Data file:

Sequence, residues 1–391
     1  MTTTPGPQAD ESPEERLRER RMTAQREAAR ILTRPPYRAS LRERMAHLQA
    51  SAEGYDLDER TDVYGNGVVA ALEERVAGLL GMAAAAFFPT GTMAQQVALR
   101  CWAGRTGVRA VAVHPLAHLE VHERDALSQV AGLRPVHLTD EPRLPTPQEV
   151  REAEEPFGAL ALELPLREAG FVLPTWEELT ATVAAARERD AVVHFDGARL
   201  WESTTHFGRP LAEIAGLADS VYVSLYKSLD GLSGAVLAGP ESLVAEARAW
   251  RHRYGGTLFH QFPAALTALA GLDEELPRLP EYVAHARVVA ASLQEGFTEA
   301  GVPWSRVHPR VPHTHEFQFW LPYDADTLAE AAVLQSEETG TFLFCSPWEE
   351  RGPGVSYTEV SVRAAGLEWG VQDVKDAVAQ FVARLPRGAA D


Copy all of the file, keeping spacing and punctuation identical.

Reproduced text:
Sequence, residues 1–391
     1  MTTTPGPQAD ESPEERLRER RMTAQREAAR ILTRPPYRAS LRERMAHLQA
    51  SAEGYDLDER TDVYGNGVVA ALEERVAGLL GMAAAAFFPT GTMAQQVALR
   101  CWAGRTGVRA VAVHPLAHLE VHERDALSQV AGLRPVHLTD EPRLPTPQEV
   151  REAEEPFGAL ALELPLREAG FVLPTWEELT ATVAAARERD AVVHFDGARL
   201  WESTTHFGRP LAEIAGLADS VYVSLYKSLD GLSGAVLAGP ESLVAEARAW
   251  RHRYGGTLFH QFPAALTALA GLDEELPRLP EYVAHARVVA ASLQEGFTEA
   301  GVPWSRVHPR VPHTHEFQFW LPYDADTLAE AAVLQSEETG TFLFCSPWEE
   351  RGPGVSYTEV SVRAAGLEWG VQDVKDAVAQ FVARLPRGAA D